Those of you who have lived or spent any time in the northwestern corner of Pennsylvania have probably seen the cats around here that run loose. Barn cats, many people call them, but in reality, many of them are feral cats and while they might live on one person’s property, they are often not pets or owned by anyone.
What Is a Feral Cat?
Feral means something that was tame and became wild or something that was born to a tame animal that became wild. So, a litter of kittens born to a house cat that was tossed out in the wild would be a litter of feral kittens.
Why Does It Matter If a Cat Is Feral?
There are several dangers and risks that come with a population of feral cats (or even just one):
1. Feral cats do not see vets. This means that they do not have their shots and might have any number of diseases, including rabies.
2. Feral cats are just like wild animals. They are not socialized and do not trust humans.
3. Because feral cats do not see vets, they do not get spayed or neutered, and that means that two cats turns into ten, ten turns into a hundred.
Are Feral Cats a Problem?
Feral cats are a problem in many places, like cities where the human population is denser. Many people let their cats run loose or abandon them when they no longer want them, and the more people there are in an area, the more cats there are to be abandoned or turned loose.
But feral cats often get overlooked in rural areas, like northwestern Pennsylvania. In fact, most people around here don’t even look at them as strays. They simply call them ‘barn cats’, a name that arose from the fact that many cats would take up residence in the barns that are plentiful in northwest PA. Because the cats are beneficial to the farmers – they eat the mice and other rodents that might destroy grain and hay crops – the farmers oftentimes leave them alone and let them stay.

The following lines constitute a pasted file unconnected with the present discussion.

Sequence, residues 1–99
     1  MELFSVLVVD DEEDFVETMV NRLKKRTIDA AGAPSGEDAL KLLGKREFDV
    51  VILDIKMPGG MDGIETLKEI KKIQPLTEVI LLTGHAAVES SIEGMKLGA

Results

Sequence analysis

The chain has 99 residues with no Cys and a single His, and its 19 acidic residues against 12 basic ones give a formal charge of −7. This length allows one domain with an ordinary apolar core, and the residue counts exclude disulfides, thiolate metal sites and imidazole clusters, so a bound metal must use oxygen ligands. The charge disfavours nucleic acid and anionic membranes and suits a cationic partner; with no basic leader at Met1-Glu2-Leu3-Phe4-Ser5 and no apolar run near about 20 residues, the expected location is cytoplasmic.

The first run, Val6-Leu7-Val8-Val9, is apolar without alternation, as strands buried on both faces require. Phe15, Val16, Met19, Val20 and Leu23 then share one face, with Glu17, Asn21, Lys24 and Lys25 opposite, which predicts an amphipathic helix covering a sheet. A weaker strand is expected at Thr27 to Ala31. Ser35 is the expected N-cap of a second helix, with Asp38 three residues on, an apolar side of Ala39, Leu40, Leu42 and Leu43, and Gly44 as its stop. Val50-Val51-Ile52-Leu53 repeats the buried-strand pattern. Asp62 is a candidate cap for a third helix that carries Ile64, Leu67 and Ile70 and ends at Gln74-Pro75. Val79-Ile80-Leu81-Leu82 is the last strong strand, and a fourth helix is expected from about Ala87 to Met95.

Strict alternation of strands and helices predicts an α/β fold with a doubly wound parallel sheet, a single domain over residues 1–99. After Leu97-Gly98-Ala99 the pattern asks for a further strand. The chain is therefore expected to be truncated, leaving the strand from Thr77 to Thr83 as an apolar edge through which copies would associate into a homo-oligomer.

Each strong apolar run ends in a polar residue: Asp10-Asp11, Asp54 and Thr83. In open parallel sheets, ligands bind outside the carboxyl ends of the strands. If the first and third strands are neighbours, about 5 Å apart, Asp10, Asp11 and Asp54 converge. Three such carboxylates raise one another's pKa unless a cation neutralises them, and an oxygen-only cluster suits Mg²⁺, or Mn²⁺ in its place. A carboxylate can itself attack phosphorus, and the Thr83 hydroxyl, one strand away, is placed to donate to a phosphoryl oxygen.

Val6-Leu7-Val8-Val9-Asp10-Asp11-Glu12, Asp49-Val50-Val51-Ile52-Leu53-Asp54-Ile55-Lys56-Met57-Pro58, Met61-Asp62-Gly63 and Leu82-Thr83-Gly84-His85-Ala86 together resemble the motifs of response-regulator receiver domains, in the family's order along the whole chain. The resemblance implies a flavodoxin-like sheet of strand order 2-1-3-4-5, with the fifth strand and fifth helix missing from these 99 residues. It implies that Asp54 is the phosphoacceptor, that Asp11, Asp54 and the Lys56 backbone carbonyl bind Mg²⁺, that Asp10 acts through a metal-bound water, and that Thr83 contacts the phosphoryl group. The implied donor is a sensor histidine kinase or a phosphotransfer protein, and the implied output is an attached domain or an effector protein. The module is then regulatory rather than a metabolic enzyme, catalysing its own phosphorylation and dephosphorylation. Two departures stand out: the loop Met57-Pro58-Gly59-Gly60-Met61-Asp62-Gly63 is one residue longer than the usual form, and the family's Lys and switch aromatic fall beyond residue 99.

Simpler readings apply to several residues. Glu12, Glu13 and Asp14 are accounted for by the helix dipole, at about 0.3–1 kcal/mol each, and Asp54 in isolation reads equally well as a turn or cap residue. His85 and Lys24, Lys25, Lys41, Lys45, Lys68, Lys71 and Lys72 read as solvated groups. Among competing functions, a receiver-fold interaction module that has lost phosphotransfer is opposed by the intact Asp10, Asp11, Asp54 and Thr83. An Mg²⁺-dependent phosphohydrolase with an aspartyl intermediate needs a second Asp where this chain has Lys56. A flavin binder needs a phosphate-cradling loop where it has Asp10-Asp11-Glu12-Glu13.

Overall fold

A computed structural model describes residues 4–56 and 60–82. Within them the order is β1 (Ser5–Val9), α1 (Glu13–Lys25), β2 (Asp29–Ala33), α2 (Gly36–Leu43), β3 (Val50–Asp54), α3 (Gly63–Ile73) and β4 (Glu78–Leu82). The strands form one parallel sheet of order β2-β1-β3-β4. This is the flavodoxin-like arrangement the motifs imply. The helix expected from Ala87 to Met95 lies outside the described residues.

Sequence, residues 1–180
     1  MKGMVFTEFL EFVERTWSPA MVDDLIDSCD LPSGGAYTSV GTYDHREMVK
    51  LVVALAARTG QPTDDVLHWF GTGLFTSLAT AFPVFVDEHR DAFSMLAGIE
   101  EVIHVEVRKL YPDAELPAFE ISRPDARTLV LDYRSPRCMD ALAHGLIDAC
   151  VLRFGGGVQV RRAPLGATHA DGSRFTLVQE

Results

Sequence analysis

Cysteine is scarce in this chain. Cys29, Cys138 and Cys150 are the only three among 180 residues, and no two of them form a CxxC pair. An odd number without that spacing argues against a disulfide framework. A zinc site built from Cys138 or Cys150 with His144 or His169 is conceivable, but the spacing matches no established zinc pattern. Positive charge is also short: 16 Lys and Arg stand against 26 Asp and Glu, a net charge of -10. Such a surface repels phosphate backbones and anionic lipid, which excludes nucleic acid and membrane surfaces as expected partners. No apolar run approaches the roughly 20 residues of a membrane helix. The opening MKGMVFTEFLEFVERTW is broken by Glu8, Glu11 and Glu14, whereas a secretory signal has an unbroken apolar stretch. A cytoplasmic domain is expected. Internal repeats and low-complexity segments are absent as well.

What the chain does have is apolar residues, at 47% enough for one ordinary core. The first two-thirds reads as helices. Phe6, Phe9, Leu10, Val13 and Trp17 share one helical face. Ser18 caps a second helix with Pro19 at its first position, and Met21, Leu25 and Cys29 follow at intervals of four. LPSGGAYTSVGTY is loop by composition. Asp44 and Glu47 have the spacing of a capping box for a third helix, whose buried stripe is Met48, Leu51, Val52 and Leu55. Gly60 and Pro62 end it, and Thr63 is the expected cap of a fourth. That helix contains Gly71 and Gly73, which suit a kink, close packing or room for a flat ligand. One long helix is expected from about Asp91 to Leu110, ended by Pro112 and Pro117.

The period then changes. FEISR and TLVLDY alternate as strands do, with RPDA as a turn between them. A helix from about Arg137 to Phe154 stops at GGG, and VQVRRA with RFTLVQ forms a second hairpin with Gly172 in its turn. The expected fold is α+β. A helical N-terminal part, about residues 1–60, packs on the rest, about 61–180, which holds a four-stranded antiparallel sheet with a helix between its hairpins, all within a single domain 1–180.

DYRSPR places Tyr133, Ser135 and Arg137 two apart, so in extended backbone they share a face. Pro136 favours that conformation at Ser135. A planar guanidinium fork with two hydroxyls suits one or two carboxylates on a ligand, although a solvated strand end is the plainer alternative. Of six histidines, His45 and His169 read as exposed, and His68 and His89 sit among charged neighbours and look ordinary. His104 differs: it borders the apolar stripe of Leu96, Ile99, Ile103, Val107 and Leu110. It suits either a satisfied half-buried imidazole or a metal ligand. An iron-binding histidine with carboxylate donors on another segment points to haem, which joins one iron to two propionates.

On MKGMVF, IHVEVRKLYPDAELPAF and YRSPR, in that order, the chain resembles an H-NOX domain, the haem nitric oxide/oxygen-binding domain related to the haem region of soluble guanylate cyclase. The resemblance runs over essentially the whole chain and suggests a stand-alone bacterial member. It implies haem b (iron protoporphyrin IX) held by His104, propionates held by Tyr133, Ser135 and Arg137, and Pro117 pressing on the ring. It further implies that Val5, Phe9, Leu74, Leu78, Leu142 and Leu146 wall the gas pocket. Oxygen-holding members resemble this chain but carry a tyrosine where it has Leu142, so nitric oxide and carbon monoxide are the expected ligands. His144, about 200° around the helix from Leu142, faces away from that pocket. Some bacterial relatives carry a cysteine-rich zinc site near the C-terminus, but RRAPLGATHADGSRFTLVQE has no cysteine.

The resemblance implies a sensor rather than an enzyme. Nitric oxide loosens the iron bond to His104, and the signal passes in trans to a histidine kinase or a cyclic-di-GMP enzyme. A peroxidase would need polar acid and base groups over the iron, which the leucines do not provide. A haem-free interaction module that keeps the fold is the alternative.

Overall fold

Unfortunately, nothing is done to ensure that these cats don’t breed more and more feral cats, and usually the farmers don’t have the time or money to make sure that all of the cats get captured, taken to a vet, spayed or neutered, and vaccinated.
My Experience With Feral Cats
I work at a long-term resident care home in the middle of no where. There are fields on one side and woods on the other. It’s pretty and secluded – and infested with feral cats. There are at least four separate cats that I know of, and to make matters worse, one of the cats has just had a litter of kittens. I don’t know how many she had. I only saw two, but that isn’t to say there aren’t more.
When I first saw the cats lounging on the deck chairs, I thought how nice it was for the residents to have pet companions. I shortly realized that these cats were not pets.
The residents like to watch the cats and so they insist on feeding them table scraps, which is fine by me. At least I know the cats aren’t starving. PA health laws state that the residents can not bring the cats into the home to live though, so the cats are not becoming socialized or saved really. They are still completely feral.
Most of the cats get frightened and ready to run if anyone comes onto the deck, though two of them – siblings no doubt (see picture) – will often let you come quite close to them. Last night, I put my hand right up to one of their faces, was sniffed, and then ignored; however, you can’t pet any of the cats under any circumstance.
Several of the cats have been captured and taken to the vet’s by one of the resident’s daughter, but most of them were not able to be caught. Because these cats have not had their shots, it is exceedingly dangerous to get near them or to try and capture them out of fear of contracting some sort of disease, such as rabies.
Twice I have found cats in the dumpster. Once I had to let one of the cats out of the dumpster. It ran from me like I was trying to hurt it, not help it. Why were the cats in the dumpster in the first place? They could smell the garbage from the kitchen and were digging for food. They also eat bugs, especially moths, and anything else they can catch.
Fortunately, the cats don’t look like they are starving and seem to find plenty to eat, but what happens when the kittens grow up and have more kittens? Soon a handful of feral cats is two handfuls, three handfuls, etc. Table scraps aren’t going to cut it, and the cats will be a borderline infestation if nothing is done.